- Your company’s history of unemployment and workers’ compensation claims
- Proof you comply with the fair labor standards act (the law requiring a minimum wage for employees and time-and-a-half pay for overtime)
Benefits policies establish how you pay employees and give them other perks like health insurance. Documents could include:
- Employee health insurance plans
- Employee monetary compensation plans and their schedules
- Other types of non-monetary compensation for employees
- Bonus or profit-based incentive programs and lists of employees who have received bonuses, amounts given, and reasons for them.
- Severance plans and packages
- Pension plans and other retirement plans
- Proof of compliance with the Employee Retirement Income Security Act (ERISA), the law establishing minimum standards for pension in the US (or equivalent programs).
- Information on your company’s Consolidated Omnibus Budget Reconciliation Act (COBRA) compliance – a program allowing some employees to retain insurance benefits after leaving
You now know what needs to change (or what you need to add) before entering HR due diligence with a buyer. If you have the funds, get audited by a third party. A knowledgeable consultant can help you prepare the documents and policies you need in your particular state or country.
Organize Your HR Records
Now that you’ve identified and resolved issues with your policies and HR system, get everything ready for inspection. You want to help a potential buyer check out your HR department as quickly as possible since speed is crucial in most deals.
In addition to all of the above documents, create summarizing documents like those listed below:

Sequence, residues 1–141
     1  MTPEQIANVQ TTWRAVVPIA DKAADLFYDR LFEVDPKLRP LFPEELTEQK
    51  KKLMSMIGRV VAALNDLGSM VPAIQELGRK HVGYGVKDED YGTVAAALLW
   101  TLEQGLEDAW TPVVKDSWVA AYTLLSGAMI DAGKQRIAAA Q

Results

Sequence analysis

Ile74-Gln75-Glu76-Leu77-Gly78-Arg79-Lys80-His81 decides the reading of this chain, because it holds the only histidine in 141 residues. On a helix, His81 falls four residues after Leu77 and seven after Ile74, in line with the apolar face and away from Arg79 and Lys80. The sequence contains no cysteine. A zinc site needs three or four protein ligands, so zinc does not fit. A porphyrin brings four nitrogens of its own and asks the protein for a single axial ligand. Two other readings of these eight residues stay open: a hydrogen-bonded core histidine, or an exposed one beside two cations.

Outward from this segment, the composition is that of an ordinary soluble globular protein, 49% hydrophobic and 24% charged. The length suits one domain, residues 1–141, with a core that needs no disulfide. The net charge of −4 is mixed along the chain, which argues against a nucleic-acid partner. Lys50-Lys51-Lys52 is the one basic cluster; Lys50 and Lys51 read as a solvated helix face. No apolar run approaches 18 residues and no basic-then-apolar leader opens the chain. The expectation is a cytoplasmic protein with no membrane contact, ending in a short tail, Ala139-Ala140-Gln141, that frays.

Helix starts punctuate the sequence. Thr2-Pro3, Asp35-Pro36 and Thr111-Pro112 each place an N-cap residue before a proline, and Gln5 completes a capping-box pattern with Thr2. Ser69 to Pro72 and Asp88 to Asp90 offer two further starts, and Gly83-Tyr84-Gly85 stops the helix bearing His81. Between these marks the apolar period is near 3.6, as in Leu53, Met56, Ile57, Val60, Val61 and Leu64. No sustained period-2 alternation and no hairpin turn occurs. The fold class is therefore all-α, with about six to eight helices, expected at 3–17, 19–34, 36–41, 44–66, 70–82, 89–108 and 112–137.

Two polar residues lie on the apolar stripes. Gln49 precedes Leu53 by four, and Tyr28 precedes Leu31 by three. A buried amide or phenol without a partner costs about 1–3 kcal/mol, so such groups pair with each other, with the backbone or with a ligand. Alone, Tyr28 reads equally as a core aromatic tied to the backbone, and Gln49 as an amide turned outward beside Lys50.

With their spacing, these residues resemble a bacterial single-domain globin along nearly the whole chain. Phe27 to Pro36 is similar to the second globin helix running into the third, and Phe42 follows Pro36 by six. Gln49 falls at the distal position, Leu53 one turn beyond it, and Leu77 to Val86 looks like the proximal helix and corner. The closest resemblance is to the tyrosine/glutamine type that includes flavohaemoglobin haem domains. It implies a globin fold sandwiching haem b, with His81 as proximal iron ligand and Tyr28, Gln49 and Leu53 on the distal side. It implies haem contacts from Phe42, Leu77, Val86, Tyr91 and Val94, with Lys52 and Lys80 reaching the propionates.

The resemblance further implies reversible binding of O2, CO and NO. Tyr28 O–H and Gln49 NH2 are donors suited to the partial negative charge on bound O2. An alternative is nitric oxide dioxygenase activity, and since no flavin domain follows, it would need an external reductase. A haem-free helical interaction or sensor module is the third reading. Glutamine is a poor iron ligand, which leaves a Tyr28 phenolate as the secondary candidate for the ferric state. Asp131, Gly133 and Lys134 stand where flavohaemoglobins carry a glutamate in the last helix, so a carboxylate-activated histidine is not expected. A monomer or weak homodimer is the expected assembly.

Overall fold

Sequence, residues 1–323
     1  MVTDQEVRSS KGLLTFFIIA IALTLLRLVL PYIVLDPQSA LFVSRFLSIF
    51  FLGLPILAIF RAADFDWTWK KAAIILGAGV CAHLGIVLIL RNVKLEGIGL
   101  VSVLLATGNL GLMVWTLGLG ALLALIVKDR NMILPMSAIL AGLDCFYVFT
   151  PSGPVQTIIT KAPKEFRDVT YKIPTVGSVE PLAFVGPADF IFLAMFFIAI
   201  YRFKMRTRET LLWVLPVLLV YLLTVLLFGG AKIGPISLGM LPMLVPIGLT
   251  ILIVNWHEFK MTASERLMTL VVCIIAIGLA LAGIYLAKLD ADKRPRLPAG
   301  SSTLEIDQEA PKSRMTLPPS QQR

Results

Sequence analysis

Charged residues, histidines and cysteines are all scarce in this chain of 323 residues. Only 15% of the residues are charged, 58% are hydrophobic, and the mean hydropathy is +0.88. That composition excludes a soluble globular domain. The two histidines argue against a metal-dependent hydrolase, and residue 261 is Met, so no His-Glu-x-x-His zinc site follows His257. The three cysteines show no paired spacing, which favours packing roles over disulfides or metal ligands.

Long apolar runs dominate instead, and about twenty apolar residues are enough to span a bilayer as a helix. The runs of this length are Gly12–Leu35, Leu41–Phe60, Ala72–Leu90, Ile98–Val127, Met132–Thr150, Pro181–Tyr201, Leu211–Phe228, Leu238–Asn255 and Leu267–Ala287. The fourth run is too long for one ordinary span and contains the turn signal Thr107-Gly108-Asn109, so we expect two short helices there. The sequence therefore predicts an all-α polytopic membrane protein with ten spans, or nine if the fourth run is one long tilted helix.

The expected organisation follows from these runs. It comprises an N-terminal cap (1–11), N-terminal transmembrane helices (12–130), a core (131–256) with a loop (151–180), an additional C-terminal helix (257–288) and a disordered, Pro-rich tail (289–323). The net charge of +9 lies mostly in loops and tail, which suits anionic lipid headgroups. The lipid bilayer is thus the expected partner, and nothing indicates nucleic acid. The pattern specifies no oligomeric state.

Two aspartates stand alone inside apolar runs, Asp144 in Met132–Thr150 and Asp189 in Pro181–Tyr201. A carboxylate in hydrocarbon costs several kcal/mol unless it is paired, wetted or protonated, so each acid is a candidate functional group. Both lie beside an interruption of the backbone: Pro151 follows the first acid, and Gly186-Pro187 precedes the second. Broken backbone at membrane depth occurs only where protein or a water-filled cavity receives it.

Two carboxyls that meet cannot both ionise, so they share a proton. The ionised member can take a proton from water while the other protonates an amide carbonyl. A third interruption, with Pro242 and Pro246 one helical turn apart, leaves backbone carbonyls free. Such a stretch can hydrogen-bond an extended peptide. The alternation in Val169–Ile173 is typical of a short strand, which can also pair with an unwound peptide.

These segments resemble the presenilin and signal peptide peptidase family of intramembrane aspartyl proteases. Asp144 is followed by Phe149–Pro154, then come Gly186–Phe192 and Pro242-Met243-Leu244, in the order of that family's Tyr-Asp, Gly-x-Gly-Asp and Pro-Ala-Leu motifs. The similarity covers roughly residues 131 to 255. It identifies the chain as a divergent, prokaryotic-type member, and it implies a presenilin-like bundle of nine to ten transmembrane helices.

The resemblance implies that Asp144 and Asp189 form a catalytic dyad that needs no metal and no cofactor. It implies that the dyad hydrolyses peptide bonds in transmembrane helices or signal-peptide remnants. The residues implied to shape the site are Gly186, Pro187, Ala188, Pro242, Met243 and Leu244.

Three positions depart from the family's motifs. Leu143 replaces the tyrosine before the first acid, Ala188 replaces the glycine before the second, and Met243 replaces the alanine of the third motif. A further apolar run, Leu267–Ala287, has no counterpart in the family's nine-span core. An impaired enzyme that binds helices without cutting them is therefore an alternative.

- Prepare a list of all the executives and employees with significantly higher compensation.
- Create a document with basic employee demographics like:
- Collect HR metrics like:
- Average tenure
- Average time to fill new positions
- Provide summaries of performance review schedules and structures.
- Summarize HR and employee-related expenses.
- Prepare to send your recruiting and onboarding process documents including copies of interview guides or templates and new-hire orientation practices.
- Include an audit of your Human Resource Information System (HRIS) or employee database. For example, find out who has access to it, if the data is accurate, and if your security measures comply with local regulations.
- Provide copies of payroll documents for all employees.
These documents will allow you to provide relevant information quickly during due diligence. We recommend you file all of these documents and proofs of compliance in your data room along with your policy documents.
Preparing for HR Due Diligence
Now that you’ve collected and updated your policies and documents, prepare for buyer interviews. HR due diligence is more than just sharing documents – the buyer might also talk to people like your HR managers, current employees, and even vendors.
Ensure your team understands your policies and key parts of your company culture or risk leaving a bad impression.